• You may wish to refer to the Choosing Wisely Canada initiative, which provides a list of recommendations concerning unnecessary or overused tests and treatments. Explain that some tests and treatments may expose patients to harm, and unnecessary ones consume valuable healthcare resources.
  • Document the key points of the discussion in the medical record.

3. Assessment and follow up

  • Use your clinical judgment to assess the test result and continue to provide appropriate follow-up care.
    • If the test result is abnormal, pay attention to it even though you did not order the test. Advise the patient of the result and any needed or recommended follow-up care. If the test conducted falls outside your scope of practice or knowledge, consider advising the patient of this and suggest a referral.
    • If the result is normal, this should reassure the patient and allay their concerns.
  • Document the discussion and care plan.
  • This type of activity may create tension in the doctor-patient relationship and constitute a breakdown in trust. Depending on the circumstances, you may wish to end the relationship, as discussed below.

Fostering patient-centered care

A patient may choose to falsify a test requisition owing to feelings of distrust or information the patient had obtained from other sources (e.g. online, friends, another health provider). Patients may be less likely to engage in such activity—and more likely to adhere to advice for investigative or treatment plans— when their physician involves the patient in decisions about their care.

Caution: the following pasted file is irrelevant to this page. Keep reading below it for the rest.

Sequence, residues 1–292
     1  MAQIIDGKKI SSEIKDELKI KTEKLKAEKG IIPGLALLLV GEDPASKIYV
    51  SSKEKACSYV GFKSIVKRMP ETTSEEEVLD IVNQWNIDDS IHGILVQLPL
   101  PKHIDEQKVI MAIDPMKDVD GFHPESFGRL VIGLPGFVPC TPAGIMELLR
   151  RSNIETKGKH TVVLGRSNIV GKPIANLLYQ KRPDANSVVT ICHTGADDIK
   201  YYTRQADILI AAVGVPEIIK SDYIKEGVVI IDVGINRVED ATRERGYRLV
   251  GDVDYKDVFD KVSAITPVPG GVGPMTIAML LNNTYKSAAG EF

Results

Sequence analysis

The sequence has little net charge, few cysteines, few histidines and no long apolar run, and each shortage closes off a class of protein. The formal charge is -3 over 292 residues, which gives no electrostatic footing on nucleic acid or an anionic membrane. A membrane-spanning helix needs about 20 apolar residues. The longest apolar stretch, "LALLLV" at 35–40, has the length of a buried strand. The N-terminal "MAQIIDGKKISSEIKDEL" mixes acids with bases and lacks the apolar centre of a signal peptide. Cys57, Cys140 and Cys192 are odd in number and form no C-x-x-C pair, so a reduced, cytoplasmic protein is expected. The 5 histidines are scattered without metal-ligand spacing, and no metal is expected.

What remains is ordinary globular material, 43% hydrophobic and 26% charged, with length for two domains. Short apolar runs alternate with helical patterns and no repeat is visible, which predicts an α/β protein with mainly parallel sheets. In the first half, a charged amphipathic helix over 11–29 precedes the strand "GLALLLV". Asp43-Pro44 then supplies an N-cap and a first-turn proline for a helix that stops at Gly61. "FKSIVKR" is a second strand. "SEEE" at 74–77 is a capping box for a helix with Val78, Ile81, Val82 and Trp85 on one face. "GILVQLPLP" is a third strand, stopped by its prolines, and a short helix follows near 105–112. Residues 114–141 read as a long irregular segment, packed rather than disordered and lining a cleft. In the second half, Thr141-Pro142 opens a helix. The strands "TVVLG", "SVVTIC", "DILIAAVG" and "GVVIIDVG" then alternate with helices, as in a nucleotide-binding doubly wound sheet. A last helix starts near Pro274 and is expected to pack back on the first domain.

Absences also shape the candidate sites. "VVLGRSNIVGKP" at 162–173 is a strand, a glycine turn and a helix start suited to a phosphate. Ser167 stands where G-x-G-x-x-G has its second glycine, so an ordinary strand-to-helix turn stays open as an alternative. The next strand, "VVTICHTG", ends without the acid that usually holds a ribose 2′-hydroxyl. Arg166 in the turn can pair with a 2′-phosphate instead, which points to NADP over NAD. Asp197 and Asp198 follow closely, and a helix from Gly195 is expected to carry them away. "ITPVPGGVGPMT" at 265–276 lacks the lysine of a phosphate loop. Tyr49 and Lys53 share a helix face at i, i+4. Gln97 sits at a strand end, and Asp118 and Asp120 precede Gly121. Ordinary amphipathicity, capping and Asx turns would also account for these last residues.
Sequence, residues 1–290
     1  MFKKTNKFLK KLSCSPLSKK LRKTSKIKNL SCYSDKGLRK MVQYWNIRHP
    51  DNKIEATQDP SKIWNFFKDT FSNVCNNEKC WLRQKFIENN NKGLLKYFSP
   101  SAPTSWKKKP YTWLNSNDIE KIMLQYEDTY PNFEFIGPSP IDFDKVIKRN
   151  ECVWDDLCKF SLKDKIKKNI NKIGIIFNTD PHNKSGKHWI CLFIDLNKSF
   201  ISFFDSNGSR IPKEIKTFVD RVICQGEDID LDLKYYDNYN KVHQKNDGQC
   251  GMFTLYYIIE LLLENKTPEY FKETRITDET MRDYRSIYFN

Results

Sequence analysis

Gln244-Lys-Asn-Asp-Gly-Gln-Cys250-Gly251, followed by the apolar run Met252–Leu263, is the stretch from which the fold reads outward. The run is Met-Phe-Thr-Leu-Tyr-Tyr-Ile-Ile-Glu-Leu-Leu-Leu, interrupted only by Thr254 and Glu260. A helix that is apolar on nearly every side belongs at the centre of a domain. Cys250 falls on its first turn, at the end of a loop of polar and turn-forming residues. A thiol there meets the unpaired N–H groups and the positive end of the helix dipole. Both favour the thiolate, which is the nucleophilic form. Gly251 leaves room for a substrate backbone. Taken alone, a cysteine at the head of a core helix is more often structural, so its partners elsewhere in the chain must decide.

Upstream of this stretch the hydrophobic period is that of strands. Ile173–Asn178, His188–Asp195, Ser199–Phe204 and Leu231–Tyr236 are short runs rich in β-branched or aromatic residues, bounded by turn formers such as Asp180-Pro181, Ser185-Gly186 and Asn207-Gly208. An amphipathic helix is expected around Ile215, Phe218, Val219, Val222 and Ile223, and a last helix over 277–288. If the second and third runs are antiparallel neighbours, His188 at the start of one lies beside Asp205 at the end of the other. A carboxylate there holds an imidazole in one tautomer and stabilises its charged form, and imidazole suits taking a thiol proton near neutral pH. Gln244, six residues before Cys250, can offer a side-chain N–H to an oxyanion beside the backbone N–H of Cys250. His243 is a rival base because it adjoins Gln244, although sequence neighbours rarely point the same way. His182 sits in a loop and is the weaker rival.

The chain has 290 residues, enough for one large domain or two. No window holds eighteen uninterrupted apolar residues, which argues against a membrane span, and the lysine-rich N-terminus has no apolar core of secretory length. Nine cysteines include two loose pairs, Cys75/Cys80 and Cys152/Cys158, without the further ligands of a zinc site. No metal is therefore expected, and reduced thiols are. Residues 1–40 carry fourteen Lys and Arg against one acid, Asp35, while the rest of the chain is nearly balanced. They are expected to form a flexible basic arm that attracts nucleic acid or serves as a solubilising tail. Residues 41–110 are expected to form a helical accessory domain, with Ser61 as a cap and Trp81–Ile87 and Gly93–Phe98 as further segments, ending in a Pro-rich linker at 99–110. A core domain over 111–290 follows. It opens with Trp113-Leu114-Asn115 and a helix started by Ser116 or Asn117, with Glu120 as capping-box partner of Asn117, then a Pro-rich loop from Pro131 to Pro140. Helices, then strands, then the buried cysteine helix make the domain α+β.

To help nurture patient-centered care, physicians should encourage open and honest communication, and if a patient has a special request for care should consider accommodating it if feasible. This includes understanding the reasons behind a special request, and assessing whether it could be reasonably accommodated in your setting.

Ending the doctor-patient relationship

If the trust in the doctor-patient relationship has been broken, patients and physicians alike may decide to end that relationship.

Patients are free to leave their current physician’s practice at any time and seek care from another provider. Physicians, meanwhile, may end a doctor-patient relationship provided certain conditions are met. Before doing so, ensure you understand and comply with your College’s requirements, which include ensuring the patient has access to urgent or emergent care, and has been provided reasonable notice to find another healthcare provider.

Reporting to authorities

While there is no general duty for physicians to report patients suspected of having committed a crime to police, legislation in some jurisdictions permit or require reporting of healthcare fraud – which includes falsification of requisitions and other documents. Contact the CMPA for individual advice.

Additional reading

DISCLAIMER: The information contained in this learning material is for general educational purposes only and is not intended to provide specific professional medical or legal advice, nor to constitute a "standard of care" for Canadian healthcare professionals. The use of CMPA learning resources is subject to the foregoing as well as the CMPA's Terms of Use.